From the Otsego Herald
for Thursday, July 7, 1814
Compiled, with comments
The Baltimore American (extra) of the 22d, contains translations from the Royal Gazette of Hayti of the 23d of March; being official details of the capture of Fort Sabourin, by the troops of Christophe, from those of Petion, in a report of the Prince of Limbe, minister of war and marine, having under him the Duke of l’Arbonila and Duke of Grand Reviere, and 8 battalions of troops.
The whole of the enemy, amounting to 1500 men, were killed, wounded or taken; and the officers who commanded the expedition were invested with knighthood of the order of St. Henry, on their return.
The whole description, speeches, &c. are so ridiculously bombastic, that nothing could appear more directly calculated to burlesque the bulletins, proclamations and manifestoes of royalty in Europe, were we to publish them; which our circumscribed limits, if not our inclination, at present forbid. – Columbian.
COMMENT: Alexandre Petion (1770-1818), the son of a Haitian mother and a French father, was at this time president of the democratic Republic of Haiti, which occupied the southern part of what is now Haiti. He was engaged in a civil war against the northern part, then controlled by Henri Christophe (1767-1820), who in 1811 had proclaimed himself King Henry I, created a local nobility with titles like the Duke of Marmalade, coats of arms, etc.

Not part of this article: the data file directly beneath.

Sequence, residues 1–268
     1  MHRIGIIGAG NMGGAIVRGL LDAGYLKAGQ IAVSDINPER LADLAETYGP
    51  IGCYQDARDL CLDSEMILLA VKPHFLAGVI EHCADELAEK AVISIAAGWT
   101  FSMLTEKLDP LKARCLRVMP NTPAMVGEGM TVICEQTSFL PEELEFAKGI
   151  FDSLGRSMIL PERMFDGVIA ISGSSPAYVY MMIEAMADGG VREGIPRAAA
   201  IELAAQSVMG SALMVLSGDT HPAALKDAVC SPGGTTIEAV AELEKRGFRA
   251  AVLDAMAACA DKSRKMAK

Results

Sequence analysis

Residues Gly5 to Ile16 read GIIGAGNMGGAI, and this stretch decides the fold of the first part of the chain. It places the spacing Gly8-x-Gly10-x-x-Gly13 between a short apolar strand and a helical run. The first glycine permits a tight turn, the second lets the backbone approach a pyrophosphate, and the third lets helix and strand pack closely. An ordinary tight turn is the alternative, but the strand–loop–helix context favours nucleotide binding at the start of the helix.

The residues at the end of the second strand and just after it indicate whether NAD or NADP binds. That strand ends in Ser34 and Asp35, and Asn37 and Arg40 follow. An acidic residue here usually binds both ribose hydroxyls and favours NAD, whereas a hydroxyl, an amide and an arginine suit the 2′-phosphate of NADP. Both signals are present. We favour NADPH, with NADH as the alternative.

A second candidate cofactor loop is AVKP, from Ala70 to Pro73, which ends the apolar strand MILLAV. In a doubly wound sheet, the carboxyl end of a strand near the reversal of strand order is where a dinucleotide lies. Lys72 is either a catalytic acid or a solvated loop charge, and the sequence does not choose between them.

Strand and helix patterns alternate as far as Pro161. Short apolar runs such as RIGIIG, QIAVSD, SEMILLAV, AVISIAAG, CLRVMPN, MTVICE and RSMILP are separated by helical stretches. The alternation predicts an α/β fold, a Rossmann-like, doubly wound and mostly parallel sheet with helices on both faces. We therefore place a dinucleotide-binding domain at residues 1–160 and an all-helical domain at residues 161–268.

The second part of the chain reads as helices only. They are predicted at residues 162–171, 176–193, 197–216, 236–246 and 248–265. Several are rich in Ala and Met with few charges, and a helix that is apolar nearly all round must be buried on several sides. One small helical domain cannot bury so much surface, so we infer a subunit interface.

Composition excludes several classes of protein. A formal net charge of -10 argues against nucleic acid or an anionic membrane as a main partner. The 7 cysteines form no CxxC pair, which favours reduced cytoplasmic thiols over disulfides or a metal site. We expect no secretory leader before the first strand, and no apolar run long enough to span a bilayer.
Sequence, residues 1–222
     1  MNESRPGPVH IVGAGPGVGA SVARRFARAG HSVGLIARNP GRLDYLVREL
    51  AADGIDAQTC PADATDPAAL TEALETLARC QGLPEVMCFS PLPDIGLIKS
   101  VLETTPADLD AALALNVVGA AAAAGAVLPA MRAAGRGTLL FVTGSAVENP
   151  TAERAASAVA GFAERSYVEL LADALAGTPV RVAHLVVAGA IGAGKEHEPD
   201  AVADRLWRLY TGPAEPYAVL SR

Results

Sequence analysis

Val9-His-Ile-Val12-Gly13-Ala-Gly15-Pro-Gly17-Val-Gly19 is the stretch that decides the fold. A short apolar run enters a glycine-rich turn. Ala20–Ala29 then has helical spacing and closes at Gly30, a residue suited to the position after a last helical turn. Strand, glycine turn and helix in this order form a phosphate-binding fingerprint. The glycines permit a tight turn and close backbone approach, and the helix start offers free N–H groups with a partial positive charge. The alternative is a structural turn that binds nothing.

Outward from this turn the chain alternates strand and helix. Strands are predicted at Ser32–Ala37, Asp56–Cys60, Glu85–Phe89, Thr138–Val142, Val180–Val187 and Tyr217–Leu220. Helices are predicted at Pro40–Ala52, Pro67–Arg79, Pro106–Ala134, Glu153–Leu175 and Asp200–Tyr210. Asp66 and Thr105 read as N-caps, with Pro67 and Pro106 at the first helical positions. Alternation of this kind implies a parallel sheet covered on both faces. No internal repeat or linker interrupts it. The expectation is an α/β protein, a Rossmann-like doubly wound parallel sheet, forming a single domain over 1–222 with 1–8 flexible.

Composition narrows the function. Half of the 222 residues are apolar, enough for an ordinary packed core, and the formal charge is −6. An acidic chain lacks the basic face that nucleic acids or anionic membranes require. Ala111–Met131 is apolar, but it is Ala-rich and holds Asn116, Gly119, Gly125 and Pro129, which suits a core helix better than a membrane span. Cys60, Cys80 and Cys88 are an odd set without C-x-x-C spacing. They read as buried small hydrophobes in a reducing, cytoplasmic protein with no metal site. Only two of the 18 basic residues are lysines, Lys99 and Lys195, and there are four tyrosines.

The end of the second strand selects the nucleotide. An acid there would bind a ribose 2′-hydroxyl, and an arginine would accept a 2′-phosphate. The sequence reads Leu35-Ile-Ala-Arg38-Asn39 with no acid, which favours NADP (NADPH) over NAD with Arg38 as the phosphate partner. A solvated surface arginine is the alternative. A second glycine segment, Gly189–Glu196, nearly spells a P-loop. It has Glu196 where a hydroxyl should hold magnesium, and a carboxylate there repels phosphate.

Cristophe’s regime prospered through large plantations worked by forced labor. It was his pretensions to European styles of royalty and nobility that were considered so amusing (and possibly threatening) in countries like the United States where slavery continued. Christophe had built a huge palace (Sans Souci), and a gigantic fortress (the Citadel) which are today designated as World Heritage sites. In 1820, his health failing and fearing a coup d’etat, he committed suicide.